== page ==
• Charles V of Habsburg (known as Charles Quint in French), Holy Roman Emperor, King of Spain (and colonies), Naples and Sicily, and ruler of the Burgundian territories, was born and raised in Ghent, with French as his first language. The greatest Renaissance ruler, who famously declared "in my realm the sun never sets", was an international sovereign, but Belgian of birth and education.
  • The word "gas" was proposed by Flemish chemist Jan Baptist van Helmont (1577-1644) as a phonetic spelling of his Dutch pronunciation of the Greek word "chaos".
  • The world's two first printed newspapers were both published in 1605>. One was printed in Strasbourg, the other (the Nieuwe Tijdingen) was printed by Abraham Verhoeven in Antwerp.
  • Belgian Jesuit missionary Ferdinand Verbiest (1623-1688) founded the Observatory of Beijing. He was the secretary of the emperor of China Kang-Hi, for whom he also built 400 cannons. Verbiest is credited to have built what may have been the first steam powered car in about 1672.
  • Ludwig van Beethoven's family originated from Mechelen, and before that the nearby villages of Boortmeerbeek and Kampenhout. Beethoven is a medieval form or corrupted spelling of Bettenhoven (Bettincourt in French), a village on the linguistic border between Flanders and Wallonia in the province of Liège (near Waremme).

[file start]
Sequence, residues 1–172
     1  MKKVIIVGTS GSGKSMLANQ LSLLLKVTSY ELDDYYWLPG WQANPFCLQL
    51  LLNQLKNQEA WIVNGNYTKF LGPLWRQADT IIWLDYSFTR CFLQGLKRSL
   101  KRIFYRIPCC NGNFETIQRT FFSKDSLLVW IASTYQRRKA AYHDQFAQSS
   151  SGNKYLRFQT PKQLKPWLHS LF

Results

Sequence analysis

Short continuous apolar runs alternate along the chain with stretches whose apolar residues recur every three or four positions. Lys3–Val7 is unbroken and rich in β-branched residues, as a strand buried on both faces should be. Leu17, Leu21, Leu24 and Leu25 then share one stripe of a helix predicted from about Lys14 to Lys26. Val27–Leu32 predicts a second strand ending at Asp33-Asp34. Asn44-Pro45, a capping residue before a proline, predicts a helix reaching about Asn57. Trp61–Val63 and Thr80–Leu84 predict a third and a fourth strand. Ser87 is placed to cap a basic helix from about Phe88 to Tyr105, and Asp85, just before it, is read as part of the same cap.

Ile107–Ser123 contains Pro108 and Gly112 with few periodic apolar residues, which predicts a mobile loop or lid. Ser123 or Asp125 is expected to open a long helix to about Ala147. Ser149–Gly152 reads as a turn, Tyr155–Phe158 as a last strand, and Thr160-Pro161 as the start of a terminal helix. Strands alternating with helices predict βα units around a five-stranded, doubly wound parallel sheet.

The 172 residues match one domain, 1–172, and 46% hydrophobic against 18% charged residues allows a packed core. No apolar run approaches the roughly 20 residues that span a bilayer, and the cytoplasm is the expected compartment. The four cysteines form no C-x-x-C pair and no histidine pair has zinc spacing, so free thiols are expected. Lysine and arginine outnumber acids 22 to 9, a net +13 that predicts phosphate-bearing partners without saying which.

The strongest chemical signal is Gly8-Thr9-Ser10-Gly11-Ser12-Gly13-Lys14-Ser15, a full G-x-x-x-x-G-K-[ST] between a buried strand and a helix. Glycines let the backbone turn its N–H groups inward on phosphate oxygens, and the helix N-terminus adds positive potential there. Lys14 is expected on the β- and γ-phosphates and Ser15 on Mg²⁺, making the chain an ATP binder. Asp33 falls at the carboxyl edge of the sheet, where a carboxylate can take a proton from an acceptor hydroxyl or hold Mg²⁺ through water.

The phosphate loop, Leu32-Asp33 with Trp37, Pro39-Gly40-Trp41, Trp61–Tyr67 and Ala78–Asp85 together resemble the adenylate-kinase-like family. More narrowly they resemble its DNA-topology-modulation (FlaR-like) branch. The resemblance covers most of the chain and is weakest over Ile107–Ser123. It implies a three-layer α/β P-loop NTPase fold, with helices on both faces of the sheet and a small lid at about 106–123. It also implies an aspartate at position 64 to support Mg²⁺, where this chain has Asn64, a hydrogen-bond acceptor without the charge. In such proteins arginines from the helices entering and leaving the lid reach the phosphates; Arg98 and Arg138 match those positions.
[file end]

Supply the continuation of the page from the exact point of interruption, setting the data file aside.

• On 5 May 1835, the first railway line on the continent (and first in the world outside the UK) opened between Brussels and Mechelen, 2 years before the first railway in Germany, France or Italy, and 8 years before the Netherlands.
  • The saxophone was invented in the early 1840's by Adolphe Sax (1814-1894) in Dinant.
  • The Body Mass Index (BMI), still used today to know one's ideal weight, was developed by the Belgian statistician and anthropometrist Adolphe Quetelet (1796-1874).
  • Karl Marx (1818-1883) wrote his famous Manifesto with Engels while in exile in Brussels, between 1845 and 1848.
  • Victor Hugo (1802-1885) lived in exile in Brussels in 1851-52, 1861 and again from 1866 to 1870. He completed his masterpiece Les Misérables on a trip to Waterloo in 1861.
  • Brussels also served as temporary home to other famous French exiles, such as Jacques-Louis David (1815 to 1825), Alexandre Dumas (1851), Charles Baudelaire (1864 to 1867), Napoléon IV (1870), Auguste Rodin (1870 to 1886) and Paul Verlaine (1872 to 1873).